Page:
There were moments, prior to her death, when Kemper felt like punishing his mother. Kemper told investigators he had killed his mother to spare her the suffering and shame that knowledge of his crimes would bring. He said: “There were times when she was bitching and yelling at me that I felt like retaliating and walking over to the telephone in her presence and calling the police, to say, ‘Hello, I’m the coed killer,’ just to lay it on her.”
Kemper’s testimony in court revealed his desire to punish his mother did not end with the fatal hammer blow. He cut off his mother’s head, “put it on a shelf and screamed at it for an hour … threw darts at it,” and ultimately, “smashed her face in,” he recalled for the horrified court. [Kemper supposedly performed irrumatio with his mother’s head, but that story is not verified.]
He went even further and cut her tongue out, as well as her larynx, and placed them in the garbage disposal. However, the garbage disposal could not break down the tough vocal cords and ejected the tissue back into the sink. Kemper found it rather ironic: “That seemed appropriate. As much as she’d bitched and screamed and yelled at me over so many years.”
Sources: “I was the hunter and they were the victims”: Interview with Edmund Kemper, Front Page Detective, by Marj von Beroldingen, March 1974 / Serial Homicide – Book 1 by RJ Parker, 2016 / Intercorpse – Necrophilia: sexual attraction towards corpses including sexual intercourse, by RJ Parker, 2019
“You know, wooing and dating, you’re one thing, but after you’re married you let it all hang out. She was just too powerful. She would drive them (the men in her life) away, attack them verbally, attack their manhood.”
Ed Kemper about his mother
Ed Kemper’s mother, Clarnell Strandberg née Stage, according to her son, apparently was a real man-hater. Whatever the truth may have been on that front, she was persevering and married three times. She told the social workers that she kept trying to find a suitable husband “because the boy needed a father”-a motivation that they cynically tended to discount.
1. Edmund Emil Kemper Jr
Her first husband was Kemper’s father, Edmund Kemper Jr. It was also his first marriage. Edmund Emil Kemper Jr was born to Edmund Emil Kemper Sr and Maude Matilda Hughey Kemper in Los Angeles, California, on April 27, 1919.
Edmund Jr enlisted in the Army on June 21, 1939. He served in World War II during his enlistment. After the war, he tested atomic bombs in the Pacific Proving Grounds before returning to California, where he found work as an electrician. He married Clarnell Elizabeth Stage on November 26, 1942 in Great Falls, Montana. His wife constantly complained about his “menial” job as an electrician. Edmund Jr later stated that “suicide missions in wartime and the later atomic bomb testings were nothing compared to living with [Clarnell]” and that she affected him “as a grown man more than three hundred and ninety-six days and nights of fighting on the front did.” He said, “I became confused and was not certain of anything for quite a time.”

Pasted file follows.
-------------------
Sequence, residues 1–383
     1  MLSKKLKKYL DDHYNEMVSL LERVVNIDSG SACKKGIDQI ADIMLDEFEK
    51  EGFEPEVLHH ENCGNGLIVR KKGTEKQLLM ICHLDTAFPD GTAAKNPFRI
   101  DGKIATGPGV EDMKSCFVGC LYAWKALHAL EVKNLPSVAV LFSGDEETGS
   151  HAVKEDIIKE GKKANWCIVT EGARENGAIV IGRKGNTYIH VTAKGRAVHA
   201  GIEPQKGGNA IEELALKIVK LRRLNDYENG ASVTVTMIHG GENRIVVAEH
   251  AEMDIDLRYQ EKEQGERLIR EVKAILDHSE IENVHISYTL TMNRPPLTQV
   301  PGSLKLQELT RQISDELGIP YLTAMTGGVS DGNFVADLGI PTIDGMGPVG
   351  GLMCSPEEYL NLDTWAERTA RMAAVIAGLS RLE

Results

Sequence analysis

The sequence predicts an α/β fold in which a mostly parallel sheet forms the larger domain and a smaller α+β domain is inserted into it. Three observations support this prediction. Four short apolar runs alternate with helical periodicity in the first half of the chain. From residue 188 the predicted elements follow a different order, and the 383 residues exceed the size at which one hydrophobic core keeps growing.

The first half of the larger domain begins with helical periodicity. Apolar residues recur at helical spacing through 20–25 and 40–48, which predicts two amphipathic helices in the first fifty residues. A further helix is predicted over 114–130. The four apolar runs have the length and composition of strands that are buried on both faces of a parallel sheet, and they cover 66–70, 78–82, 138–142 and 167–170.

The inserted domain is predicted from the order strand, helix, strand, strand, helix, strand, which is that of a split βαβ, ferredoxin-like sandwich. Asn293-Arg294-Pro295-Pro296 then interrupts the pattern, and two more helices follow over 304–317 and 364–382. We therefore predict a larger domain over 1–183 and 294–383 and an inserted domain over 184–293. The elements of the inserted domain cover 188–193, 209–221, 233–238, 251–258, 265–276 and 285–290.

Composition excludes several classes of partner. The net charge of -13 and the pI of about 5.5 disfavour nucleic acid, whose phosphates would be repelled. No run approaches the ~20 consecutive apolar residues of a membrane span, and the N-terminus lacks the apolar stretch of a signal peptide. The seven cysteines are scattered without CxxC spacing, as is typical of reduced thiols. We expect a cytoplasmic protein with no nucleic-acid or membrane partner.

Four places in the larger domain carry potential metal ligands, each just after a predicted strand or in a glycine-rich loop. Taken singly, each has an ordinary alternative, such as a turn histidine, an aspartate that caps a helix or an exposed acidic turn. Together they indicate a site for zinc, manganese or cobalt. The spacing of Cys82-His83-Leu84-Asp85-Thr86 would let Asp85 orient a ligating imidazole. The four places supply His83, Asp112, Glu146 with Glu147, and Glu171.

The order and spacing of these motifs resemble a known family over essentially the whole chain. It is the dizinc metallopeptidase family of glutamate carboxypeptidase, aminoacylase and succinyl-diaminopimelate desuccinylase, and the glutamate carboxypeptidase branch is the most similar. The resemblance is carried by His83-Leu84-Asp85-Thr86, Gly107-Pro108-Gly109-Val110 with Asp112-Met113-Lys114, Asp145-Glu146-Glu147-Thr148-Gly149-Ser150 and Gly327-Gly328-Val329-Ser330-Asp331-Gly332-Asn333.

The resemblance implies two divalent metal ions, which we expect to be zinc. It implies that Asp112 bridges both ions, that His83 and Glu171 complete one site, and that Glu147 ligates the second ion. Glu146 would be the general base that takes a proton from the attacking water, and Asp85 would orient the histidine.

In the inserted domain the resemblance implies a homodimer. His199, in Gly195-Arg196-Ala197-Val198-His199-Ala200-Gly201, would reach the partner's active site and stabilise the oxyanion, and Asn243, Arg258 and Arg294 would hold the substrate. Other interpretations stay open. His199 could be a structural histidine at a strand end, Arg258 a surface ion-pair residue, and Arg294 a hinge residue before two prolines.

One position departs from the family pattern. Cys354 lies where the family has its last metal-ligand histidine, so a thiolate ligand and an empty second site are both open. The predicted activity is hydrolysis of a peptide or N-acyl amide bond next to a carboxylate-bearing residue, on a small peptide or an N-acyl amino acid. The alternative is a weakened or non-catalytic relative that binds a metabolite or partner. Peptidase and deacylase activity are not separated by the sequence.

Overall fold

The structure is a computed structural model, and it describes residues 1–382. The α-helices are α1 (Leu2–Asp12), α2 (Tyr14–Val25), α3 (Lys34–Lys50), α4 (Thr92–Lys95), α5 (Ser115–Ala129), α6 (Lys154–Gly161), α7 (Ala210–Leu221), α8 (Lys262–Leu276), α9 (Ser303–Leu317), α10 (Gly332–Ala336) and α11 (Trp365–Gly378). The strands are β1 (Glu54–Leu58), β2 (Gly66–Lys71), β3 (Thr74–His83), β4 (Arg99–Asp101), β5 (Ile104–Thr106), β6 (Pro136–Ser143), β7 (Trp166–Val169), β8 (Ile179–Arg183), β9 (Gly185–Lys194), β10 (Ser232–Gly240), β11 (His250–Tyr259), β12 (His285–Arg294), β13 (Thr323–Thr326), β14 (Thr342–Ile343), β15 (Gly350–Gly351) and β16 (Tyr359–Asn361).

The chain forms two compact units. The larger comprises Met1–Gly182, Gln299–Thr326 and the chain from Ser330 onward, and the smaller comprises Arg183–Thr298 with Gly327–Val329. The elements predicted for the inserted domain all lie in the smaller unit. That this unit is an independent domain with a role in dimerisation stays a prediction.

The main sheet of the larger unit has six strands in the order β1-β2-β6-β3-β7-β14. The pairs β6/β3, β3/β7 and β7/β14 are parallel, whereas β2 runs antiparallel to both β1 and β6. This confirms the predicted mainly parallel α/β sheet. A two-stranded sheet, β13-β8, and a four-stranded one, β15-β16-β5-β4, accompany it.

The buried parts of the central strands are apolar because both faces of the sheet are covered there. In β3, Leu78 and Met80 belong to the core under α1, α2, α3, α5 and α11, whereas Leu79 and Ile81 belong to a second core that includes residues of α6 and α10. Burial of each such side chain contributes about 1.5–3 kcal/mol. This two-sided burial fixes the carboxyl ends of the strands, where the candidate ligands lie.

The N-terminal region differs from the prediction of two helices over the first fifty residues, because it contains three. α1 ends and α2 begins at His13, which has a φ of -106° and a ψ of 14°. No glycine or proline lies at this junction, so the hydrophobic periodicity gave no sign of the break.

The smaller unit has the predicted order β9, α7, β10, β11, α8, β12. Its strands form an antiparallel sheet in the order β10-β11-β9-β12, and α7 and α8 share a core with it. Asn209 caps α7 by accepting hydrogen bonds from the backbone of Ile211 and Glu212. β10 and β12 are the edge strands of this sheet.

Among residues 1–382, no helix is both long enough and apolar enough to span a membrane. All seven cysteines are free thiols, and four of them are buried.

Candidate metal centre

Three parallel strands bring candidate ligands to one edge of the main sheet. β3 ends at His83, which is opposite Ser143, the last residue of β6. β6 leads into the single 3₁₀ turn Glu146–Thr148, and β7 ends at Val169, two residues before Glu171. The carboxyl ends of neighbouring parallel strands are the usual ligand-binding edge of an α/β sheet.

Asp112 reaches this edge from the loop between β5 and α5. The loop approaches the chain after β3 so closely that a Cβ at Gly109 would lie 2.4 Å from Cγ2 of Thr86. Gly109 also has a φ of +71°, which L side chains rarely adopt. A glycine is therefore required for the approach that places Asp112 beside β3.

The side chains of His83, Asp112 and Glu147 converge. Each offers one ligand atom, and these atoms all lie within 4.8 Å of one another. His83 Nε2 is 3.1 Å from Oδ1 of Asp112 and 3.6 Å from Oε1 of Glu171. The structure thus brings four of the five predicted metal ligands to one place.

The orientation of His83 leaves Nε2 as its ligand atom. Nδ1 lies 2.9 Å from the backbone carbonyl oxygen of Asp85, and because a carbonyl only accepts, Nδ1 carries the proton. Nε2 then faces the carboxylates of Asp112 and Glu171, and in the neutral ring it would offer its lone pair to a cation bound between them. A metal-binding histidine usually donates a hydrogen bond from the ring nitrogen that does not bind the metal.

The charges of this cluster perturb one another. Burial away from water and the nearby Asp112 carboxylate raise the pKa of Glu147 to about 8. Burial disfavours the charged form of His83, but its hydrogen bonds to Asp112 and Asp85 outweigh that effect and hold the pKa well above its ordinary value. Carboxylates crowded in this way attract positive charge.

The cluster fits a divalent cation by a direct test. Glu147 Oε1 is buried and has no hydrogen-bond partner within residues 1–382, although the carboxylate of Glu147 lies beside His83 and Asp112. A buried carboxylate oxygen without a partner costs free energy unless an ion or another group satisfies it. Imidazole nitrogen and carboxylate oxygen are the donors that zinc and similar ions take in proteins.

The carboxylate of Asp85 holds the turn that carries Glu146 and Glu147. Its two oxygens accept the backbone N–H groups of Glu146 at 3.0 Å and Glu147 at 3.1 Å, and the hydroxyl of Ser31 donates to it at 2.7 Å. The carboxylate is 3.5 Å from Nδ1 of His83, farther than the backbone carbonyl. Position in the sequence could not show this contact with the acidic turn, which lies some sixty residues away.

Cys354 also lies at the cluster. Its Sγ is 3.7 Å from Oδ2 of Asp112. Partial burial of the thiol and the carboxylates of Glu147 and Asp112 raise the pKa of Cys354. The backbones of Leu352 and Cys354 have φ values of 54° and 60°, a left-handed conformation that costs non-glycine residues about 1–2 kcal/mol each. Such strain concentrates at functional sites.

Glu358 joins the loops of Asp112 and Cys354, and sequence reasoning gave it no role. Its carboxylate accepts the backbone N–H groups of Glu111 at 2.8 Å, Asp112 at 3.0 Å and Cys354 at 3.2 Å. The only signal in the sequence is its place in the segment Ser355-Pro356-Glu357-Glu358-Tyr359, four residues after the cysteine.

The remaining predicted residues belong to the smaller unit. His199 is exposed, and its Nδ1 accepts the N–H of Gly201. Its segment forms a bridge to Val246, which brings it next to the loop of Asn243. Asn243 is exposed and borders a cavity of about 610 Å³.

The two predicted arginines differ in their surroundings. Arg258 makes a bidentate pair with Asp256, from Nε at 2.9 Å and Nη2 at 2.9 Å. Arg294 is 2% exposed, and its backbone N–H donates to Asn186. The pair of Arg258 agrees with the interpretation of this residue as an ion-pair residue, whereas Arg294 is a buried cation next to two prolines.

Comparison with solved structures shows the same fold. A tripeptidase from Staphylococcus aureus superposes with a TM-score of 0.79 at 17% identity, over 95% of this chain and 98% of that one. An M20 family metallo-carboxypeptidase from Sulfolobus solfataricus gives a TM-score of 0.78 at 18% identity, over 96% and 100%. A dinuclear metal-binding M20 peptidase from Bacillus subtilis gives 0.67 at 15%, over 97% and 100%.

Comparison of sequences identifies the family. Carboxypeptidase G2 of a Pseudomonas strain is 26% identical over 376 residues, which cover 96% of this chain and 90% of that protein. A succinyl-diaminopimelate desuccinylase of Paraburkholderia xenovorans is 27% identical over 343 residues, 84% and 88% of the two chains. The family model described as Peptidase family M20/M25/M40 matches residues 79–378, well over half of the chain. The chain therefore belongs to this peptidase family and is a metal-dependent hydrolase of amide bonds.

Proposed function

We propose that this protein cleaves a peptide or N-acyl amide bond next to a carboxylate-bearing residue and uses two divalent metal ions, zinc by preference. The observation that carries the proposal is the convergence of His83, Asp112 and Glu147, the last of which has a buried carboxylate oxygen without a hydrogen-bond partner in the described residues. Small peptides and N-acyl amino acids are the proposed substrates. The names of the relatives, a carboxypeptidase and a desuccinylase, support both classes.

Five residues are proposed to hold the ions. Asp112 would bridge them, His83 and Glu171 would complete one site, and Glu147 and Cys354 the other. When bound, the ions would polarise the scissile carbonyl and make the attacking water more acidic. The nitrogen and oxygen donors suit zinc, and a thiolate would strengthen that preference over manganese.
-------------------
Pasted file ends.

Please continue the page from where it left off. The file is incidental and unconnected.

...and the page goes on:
Edmund Jr and Clarnell had three children, Susan, Edmund III, and Allyn. Due to constant fighting, the couple separated in 1957 and Clarnell took the children back to Montana and continued to raise them there as a single parent. She found a job as a secretary at the First National Bank. Kemper, who had a close relationship with his father, was devastated by the separation. In 1962, when Kemper turned 14, he ran away from home to reunite with his father, who was living in Van Nuys, California at the time. Upon arriving at his father’s house. Kemper discovered that his father had remarried and now had a step-son. Edmund Jr allowed his son to stay until he planned for him to live in North Fork, California with his parents, Edmund Sr and Maude Kemper, whom Kemper would eventually murder in 1964.
Kemper was the second of three children of Edmund Jr, a six-foot-eight-inch electrician and his six-foot wife Clarnell. Both parents were heavily built and loud spoken. In good times, there were rowdiness and joking around the dinner table, and these were the moments that Kemper later cherished.
Susan, the oldest child, was six years of age when Kemper was born. The parents called him Guy. And when Guy was two and one-half years of age, and huge for a toddler-bright, curious, and into everything-his sister Allyn was born.
The wrangling and shouting between the two parents found a new focus in the way in which Kemper was being reared. When he was four, his father went away for two years, taking a job in an atomic bomb testing program in the Pacific. “The war never ceased,” Clarnell said bitterly. “Upon his [the father’s] return he tried college under the G.I. Bill, couldn’t get back into studying, argued like a staff sergeant with the instructors, dropped out, and worked rapidly into the electrical business.”
They argued over money and over the father’s lack of attention to the children. Clarnell Kemper claimed that her husband was “stern to the girls and overprotective to Ed,” saying, “He never spanked the children and they never had any respect for him. All he ever gave Kemper was his medals and war stories.”